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uprise

[v. uhp-rahyz; n. uhp-rahyz] /v. ʌpˈraɪz; n. ˈʌpˌraɪz/
verb (used without object), uprose, uprisen, uprising.
1.
to rise up; get up, as from a lying or sitting posture.
2.
to rise into view:
As we approached the city, the spires of tall buildings uprose as if to greet us.
3.
to rise in revolt.
4.
to come into existence or prominence:
Many calamities uprose to plague the people during the war.
5.
to move upward; mount up; ascend.
6.
to come above the horizon.
7.
to slope upward:
The land uprises from the river to the hills.
8.
to swell or grow, as a sound:
A blare of trumpets uprose to salute the king.
noun
9.
an act of rising up.
Origin
1250-1300
1250-1300; Middle English uprisen. See up-, rise
Related forms
upriser, noun
Dictionary.com Unabridged
Based on the Random House Dictionary, © Random House, Inc. 2014.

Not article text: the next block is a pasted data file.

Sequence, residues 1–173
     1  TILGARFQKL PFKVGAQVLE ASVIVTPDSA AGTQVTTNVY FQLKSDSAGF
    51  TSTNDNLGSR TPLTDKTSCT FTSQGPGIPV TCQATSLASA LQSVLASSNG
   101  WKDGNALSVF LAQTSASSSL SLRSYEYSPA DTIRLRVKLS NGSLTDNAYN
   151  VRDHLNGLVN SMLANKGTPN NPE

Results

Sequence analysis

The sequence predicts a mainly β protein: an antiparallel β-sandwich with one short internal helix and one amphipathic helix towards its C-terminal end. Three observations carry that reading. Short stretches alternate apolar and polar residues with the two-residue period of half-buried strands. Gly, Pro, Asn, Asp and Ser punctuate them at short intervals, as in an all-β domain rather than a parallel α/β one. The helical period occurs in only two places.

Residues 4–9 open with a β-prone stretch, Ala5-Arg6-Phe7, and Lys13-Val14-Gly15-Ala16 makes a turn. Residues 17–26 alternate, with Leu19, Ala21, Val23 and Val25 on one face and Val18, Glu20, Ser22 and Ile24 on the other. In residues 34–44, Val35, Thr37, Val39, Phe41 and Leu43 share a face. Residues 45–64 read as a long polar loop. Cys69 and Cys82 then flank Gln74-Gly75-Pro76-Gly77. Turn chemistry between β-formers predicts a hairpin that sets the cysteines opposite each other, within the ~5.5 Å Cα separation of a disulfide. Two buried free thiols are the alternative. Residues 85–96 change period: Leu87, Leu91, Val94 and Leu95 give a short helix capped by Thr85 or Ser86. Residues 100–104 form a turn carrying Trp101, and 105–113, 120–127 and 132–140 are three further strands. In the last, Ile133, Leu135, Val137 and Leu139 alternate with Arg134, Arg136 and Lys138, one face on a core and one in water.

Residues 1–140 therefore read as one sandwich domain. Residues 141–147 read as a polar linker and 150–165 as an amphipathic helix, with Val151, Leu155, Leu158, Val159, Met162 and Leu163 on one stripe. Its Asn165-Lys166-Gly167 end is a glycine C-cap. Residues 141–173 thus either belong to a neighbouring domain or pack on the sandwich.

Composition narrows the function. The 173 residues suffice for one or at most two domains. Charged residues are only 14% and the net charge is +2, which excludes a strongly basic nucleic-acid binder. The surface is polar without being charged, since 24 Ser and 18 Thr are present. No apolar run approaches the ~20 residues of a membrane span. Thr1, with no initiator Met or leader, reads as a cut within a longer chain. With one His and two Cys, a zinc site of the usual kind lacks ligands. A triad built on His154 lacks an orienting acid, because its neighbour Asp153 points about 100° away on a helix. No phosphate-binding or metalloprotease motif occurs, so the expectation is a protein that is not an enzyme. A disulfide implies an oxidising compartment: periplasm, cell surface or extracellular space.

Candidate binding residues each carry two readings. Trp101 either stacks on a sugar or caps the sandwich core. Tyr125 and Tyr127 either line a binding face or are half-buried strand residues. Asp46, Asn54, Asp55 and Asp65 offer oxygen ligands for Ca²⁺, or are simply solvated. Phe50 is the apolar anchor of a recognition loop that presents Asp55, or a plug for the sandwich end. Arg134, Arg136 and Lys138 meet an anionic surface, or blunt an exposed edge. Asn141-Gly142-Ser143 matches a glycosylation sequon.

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British Dictionary definitions for up-rise

uprise

verb (ʌpˈraɪz) -rises, -rising, -rose, -risen
1.
(transitive) to rise up
noun (ˈʌpˌraɪz)
2.
another word for rise (sense 24), rise (sense 25), rise (sense 26)
Derived Forms
upriser, noun
Collins English Dictionary - Complete & Unabridged 2012 Digital Edition
© William Collins Sons & Co. Ltd. 1979, 1986 © HarperCollins
Publishers 1998, 2000, 2003, 2005, 2006, 2007, 2009, 2012
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Word Origin and History for up-rise

uprise

v.

c.1300, "stand up; get out of bed; ascend to a higher level," from up + rise (v.). Cf. West Frisian oprize, Middle Dutch oprisen, Dutch oprijzen.

Online Etymology Dictionary, © 2010 Douglas Harper
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